Berkeley in the News is a daily selection of articles and commentaries in the news media that mention UC Berkeley. The views and opinions expressed in these articles do not necessarily reflect the official policies or positions of the campus.
Friday, 6 May 2022
1. Pre-K Is Powerful if Done Right. Here’s How.
The New York Times (*requires registration)
David Kirp, professor at the graduate school of the University of California, Berkeley, and the author, most recently, of “The College Dropout Scandal,” writes: A high-quality program, according to early childhood education experts, features small classes and low student-teacher ratios, with well-trained teachers, an evidence-based curriculum that emphasizes hands-on learning, not eat-your-spinach instruction in the ABC’s or coloring inside the lines, and lots of time for play. The focus is on kids’ physical, social and emotional growth as well as their cognitive development. In that setting, youngsters, preferably from different social backgrounds, are solving problems together, while their teachers talk with, not at, them. In other words, a good preschool is a place you wish you had gone to when you were 4 years old.
2. A teen girl sexually exploited on Snapchat takes on American tech
The Washington Post (*requires registration)
Hany Farid, an image-forensics expert at University of California at Berkeley, who helped develop PhotoDNA, said safety and privacy have for years taken a “back seat to engagement and profits.” The fact that PhotoDNA, now more than a decade old, remains the industry standard “tells you something about the investment in these technologies,” he said. “The companies are so lethargic in terms of enforcement and thinking about these risks … at the same time, they’re marketing their products to younger and younger kids.” Farid, who has worked as a paid adviser to Snap on online safety, said that he believes the company could do more but that the problem of child exploitation is industry-wide. “We don’t treat the harms from technology the same way we treat the harms of romaine lettuce,” he said. “One person dies, and we pull every single head of romaine lettuce out of every store,” yet the children’s exploitation problem is decades old. “Why do we not have spectacular technologies to protect kids online?”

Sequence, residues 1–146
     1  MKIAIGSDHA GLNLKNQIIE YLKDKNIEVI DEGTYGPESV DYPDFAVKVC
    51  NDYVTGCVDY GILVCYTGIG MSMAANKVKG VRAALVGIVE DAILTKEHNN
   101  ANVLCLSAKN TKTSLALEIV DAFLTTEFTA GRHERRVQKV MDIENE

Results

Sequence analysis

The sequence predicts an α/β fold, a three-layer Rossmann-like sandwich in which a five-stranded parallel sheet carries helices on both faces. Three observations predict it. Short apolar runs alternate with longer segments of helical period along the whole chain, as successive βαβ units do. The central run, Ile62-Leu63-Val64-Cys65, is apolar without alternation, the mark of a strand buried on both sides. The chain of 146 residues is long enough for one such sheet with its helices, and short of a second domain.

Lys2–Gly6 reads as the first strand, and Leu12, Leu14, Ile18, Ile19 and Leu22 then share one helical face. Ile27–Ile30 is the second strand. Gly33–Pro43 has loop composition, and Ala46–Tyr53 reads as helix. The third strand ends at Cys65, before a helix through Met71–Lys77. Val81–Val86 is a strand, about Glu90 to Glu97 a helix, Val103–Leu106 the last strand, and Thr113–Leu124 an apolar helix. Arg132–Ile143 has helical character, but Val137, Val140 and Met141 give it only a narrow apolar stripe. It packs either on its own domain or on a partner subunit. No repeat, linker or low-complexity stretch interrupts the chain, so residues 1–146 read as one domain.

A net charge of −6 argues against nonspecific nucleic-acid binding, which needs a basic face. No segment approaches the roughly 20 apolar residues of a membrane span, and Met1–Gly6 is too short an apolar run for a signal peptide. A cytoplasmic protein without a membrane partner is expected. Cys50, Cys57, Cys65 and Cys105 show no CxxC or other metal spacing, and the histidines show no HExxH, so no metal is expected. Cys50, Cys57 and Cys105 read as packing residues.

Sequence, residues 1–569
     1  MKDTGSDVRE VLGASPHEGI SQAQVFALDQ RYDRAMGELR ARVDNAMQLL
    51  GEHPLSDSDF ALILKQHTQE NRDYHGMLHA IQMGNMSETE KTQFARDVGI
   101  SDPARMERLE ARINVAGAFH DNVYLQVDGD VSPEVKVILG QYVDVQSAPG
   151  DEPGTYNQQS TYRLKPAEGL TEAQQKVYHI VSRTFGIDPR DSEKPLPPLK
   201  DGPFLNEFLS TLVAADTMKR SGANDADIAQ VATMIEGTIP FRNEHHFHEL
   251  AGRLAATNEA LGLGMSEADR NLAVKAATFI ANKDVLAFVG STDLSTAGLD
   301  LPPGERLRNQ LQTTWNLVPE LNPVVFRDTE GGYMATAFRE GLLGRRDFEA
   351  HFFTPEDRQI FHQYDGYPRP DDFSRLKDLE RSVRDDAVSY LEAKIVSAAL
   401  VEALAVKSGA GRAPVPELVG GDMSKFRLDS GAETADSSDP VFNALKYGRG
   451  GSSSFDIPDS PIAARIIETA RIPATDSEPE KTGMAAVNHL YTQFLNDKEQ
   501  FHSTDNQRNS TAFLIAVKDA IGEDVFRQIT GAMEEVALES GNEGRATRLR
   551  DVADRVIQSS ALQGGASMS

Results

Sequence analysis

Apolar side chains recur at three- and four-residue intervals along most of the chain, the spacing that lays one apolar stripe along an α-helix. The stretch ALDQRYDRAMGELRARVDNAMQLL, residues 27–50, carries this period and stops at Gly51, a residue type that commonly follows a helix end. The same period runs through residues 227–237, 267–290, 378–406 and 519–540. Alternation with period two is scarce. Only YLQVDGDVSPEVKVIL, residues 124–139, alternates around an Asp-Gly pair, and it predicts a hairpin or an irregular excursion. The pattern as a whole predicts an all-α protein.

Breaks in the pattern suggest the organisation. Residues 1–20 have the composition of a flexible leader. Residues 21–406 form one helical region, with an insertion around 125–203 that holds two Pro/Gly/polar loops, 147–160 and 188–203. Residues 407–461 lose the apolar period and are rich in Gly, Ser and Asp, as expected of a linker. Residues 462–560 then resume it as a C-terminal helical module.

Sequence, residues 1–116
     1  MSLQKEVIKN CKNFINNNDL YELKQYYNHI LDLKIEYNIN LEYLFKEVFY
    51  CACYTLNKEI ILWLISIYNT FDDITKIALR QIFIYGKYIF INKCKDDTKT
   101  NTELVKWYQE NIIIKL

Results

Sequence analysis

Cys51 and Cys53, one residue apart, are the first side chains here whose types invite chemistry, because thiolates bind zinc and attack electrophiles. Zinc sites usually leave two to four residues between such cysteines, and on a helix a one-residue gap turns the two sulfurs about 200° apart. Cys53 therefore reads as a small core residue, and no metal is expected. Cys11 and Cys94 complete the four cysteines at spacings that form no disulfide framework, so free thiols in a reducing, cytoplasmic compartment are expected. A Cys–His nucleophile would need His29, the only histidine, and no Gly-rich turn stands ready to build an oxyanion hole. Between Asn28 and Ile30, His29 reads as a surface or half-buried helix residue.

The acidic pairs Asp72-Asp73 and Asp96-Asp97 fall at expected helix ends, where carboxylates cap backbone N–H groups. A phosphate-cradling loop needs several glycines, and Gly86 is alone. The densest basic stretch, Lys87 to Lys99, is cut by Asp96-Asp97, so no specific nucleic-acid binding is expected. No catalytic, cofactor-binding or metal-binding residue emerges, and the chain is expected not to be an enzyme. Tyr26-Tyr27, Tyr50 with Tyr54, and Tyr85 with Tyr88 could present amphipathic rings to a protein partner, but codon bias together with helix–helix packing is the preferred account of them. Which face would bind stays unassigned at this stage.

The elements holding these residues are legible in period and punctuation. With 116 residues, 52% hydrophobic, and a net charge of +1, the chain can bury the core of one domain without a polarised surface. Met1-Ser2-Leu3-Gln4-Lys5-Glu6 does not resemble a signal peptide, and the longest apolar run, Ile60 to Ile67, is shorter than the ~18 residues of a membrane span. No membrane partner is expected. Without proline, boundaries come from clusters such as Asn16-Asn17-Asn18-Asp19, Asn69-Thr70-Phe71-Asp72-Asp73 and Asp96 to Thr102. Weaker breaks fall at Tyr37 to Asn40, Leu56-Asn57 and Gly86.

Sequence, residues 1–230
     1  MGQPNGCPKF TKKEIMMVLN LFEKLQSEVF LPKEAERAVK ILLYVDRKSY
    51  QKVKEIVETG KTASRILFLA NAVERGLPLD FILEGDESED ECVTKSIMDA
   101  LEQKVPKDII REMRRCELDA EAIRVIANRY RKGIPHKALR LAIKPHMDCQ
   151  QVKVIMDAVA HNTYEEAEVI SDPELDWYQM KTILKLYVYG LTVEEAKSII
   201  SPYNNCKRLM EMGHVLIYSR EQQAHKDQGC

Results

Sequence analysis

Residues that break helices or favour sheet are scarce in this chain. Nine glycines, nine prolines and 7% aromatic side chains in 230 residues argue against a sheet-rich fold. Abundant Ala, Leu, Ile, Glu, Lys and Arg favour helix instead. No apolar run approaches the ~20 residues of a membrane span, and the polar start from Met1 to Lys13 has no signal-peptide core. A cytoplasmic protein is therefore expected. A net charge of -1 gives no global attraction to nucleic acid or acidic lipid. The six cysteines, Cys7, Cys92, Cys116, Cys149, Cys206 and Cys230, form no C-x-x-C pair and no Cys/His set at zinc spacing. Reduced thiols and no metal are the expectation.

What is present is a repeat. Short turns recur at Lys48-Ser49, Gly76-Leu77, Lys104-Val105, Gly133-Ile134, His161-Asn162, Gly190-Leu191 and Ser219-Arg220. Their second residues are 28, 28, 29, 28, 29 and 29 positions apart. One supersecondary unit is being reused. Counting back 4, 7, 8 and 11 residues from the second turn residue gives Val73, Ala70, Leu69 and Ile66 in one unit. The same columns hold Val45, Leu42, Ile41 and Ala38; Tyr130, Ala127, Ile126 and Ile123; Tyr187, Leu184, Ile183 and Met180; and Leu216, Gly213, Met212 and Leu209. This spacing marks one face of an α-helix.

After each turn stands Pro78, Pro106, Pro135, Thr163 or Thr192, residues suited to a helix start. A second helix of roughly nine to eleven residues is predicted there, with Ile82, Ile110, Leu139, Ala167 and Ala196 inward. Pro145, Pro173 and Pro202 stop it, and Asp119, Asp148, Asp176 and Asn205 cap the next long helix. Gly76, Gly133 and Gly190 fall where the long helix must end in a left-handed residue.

3. How women across the country are talking about the possible end of Roe
The Washington Post (*requires registration)
Across the country women have reacted to the release of the draft decision with elation, terror and confusion. Some worry about their — and their children’s — future in a world without abortion access. Others are celebrating the possible milestone for the rights of the unborn.
The Washington Post reached out to readers across America to share their stories and interviewed several women in California, Mississippi and Michigan. “I’m both from Japan and America, and I’m disappointed in the American side of me,” said Anya Kishida, a freshman at the University of California at Berkeley. “America is known for being quite progressive in a lot of ways, especially from more conservative countries like Japan. America is seen as more progressive in terms of societal issues like LGBTQ rights. So for them to head in that direction in terms of abortion is a little bit disappointing and shocking.”
4. Mars’ sky gets a mysterious green aurora resembling a giant worm
Scientists have known for more than 15 years that auroras, vibrant light shows in the atmosphere, exist on Mars. The planet’s auroras were found in small spots that seemed to sprout from the ground like mushrooms. But researchers have just seen a new gigantic aurora on Mars unlike any other previously observed. They’re calling the phenomenon a “sinuous discrete aurora” to describe its enormous wormlike shape. A United Arab Emirates Space Agency probe orbiting Mars, known as Hope, took the picture using an ultraviolet spectrometer device. What scientists have seen in Hope’s snapshots has blown them away, said Rob Lillis, a planetary space physicist and Emirates Mars Mission collaborator based at the University of California, Berkeley. Auroras “were mysterious for the longest time on Earth before we understood that they’re actually space weather and high-energy streams of electrons, coming originally from the sun, and basically guided by a planetary magnetic field,” Lillis told Mashable. “Whether it’s Earth or Mars, those electrons smash into the atmosphere, and they cause the atmosphere to glow.”
5. 12th Hour Livestream with Michael Ranney & John Zavalney
Michael Ranney, a professor of education at UC Berkeley, appears in an interview on Facebook, where he discusses the new documentary film, 12th Hour. The film, in which Ranney also appears, explores humanity’s psychological resistance to ecological change, and the immediate steps that must be taken to meaningfully address the climate crisis.